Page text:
Jesus met him at his place of business, a tax collection booth, and invited him to become his follower. His invitation was simple and direct, “Follow me.”
Without fanfare, the Bible reports Matthew’s acquiescence and obedience. Since Matthew later wrote this Gospel, it’s interesting he did not record any additional dialogue or his inner thoughts about this life-changing moment.
Jesus called. Matthew answered. Case closed.
But, in its context, there’s much more to the story. Matthew was a tax collector, a collaborator despised by the Jews (for selling them out) and the Romans (for being unprincipled and able to be bought).
First-century tax collection was a racket, rampant with abuse. It is hard to imagine a more despised profession from which Jesus would call one of his most prominent followers (Matthew’s stature is confirmed by his writing a Gospel).
Jesus calls people who become his valued followers through simple obedience. The kingdom of God was dawning, made up of people like Matthew that most religious leaders of their time considered embarrassing socially, inferior culturally, and anathema spiritually.
This was a major change for everyone.
The Matthew model of change is clear: Hear Jesus and follow him. That seems simple, and in some ways, it is.
He is still directing people today, and our task, more than ever, is hearing from Jesus and getting in step with his instructions. While discerning Jesus’ direction is often challenging, doing so is fundamental to the change process.
The Pharisees’ Problem
The Pharisees were the religious elites of their era. As part of their legalistic leadership, they created an elaborate system of ceremonial hand washing, complete with rules about what to eat, with whom to eat, and how to eat without being contaminated.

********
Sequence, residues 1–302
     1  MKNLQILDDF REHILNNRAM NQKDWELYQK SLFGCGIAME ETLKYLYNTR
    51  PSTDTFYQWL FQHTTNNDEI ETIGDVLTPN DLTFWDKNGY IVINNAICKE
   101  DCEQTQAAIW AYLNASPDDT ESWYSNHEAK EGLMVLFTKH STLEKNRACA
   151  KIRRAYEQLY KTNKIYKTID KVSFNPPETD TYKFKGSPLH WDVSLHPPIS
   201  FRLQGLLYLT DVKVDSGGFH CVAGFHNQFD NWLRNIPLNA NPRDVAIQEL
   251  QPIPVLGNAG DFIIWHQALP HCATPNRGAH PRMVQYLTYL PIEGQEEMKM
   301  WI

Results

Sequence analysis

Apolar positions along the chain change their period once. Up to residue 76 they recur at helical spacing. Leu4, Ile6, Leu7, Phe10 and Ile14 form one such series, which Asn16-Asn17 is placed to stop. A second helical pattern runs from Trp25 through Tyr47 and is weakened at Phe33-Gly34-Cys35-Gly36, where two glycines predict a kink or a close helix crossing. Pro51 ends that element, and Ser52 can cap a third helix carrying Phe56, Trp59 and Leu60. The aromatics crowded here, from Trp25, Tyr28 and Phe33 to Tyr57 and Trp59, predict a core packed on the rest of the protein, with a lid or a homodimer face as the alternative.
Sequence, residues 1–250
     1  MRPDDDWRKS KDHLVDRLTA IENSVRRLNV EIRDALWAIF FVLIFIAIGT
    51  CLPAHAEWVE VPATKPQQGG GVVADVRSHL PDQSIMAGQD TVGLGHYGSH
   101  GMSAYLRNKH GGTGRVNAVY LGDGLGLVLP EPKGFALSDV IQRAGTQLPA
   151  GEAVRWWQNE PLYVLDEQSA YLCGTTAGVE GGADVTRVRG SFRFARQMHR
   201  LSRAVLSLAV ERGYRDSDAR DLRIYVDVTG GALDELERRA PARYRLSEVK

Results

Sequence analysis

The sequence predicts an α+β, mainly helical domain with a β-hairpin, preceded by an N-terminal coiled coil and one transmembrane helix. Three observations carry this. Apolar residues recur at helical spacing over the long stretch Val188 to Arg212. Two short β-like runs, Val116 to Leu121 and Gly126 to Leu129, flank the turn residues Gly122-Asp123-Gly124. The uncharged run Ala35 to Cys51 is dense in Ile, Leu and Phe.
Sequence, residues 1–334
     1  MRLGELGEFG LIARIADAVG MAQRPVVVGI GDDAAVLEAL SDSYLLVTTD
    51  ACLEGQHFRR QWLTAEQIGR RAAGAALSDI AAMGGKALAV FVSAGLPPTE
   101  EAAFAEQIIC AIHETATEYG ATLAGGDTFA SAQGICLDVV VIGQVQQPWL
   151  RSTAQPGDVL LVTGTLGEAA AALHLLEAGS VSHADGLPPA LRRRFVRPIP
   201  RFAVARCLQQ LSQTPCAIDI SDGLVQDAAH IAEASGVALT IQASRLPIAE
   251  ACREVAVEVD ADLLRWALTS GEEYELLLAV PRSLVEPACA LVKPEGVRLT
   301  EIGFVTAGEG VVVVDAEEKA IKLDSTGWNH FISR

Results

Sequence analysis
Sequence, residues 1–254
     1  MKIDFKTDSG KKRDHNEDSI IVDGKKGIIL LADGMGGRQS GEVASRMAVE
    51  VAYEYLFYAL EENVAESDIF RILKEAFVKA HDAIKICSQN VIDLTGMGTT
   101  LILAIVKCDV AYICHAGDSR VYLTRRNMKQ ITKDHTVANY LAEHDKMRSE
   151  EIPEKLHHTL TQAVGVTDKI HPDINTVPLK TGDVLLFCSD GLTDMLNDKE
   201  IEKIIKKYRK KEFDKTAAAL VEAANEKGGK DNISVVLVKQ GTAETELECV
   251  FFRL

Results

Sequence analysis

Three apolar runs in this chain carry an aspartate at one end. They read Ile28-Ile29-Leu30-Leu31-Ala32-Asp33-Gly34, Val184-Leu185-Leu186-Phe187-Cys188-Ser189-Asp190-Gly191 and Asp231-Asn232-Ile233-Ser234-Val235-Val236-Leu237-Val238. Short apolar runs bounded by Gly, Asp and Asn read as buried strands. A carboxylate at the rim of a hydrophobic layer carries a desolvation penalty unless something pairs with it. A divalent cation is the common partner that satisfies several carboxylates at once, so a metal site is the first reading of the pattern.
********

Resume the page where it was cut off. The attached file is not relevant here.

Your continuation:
Those rules had been centuries in the making. Jesus obliterated them at one dinner party.
After securing Matthew’s commitment, Jesus attended a gathering at his house. The other guests were Matthew’s friends, whom he later described as “tax collectors and sinners” when he wrote the story.
Jesus reclined at table with them, shared food with them, and maybe even touched them. Scandalous!
The Pharisees saw this brazen disregard for their food consumption and hand washing standards. They were aghast. They could not believe any rabbi would stoop so low.
Being seen in the presence of wicked people was bad enough, but Jesus was eating with them—sharing table fellowship with unwashed masses.
The Pharisees confronted Jesus’ disciples with this pointed question: “Why does your Teacher eat with tax collectors and sinners?”
The context of these events is significant. This story stands in contrast to Matthew’s response to Jesus just described.
The Pharisees were upset too much was changing too fast. They and their forefathers had spent millennia creating and perfecting a religious system which kept them in power and everyday people in bondage.
They were not about to let it all slip away because one rogue rabbi was flouting their religious traditions.
The Pharisees represent people so wedded to their religious systems that they fossilize practices, preventing change from every occurring.
In the process, they diminish their relationship with God and grow to resent those who create new methods for people to find their way to God.
They are obstructionists who complain about change and defend the status quo, often in the name of God. That is the worst part of dealing with these people.
They really believe God is on their side and anything that contradicts or countermands their position cannot be from God.
When it comes to major change, we must avoid the mistake the Pharisees made. When we resist change by ascribing eternal permanence to human-created systems or methods, we do the same thing.
We become idolaters, more committed to preserving religious practices than practicing a living faith in an active God.
John’s Disciples’ Problem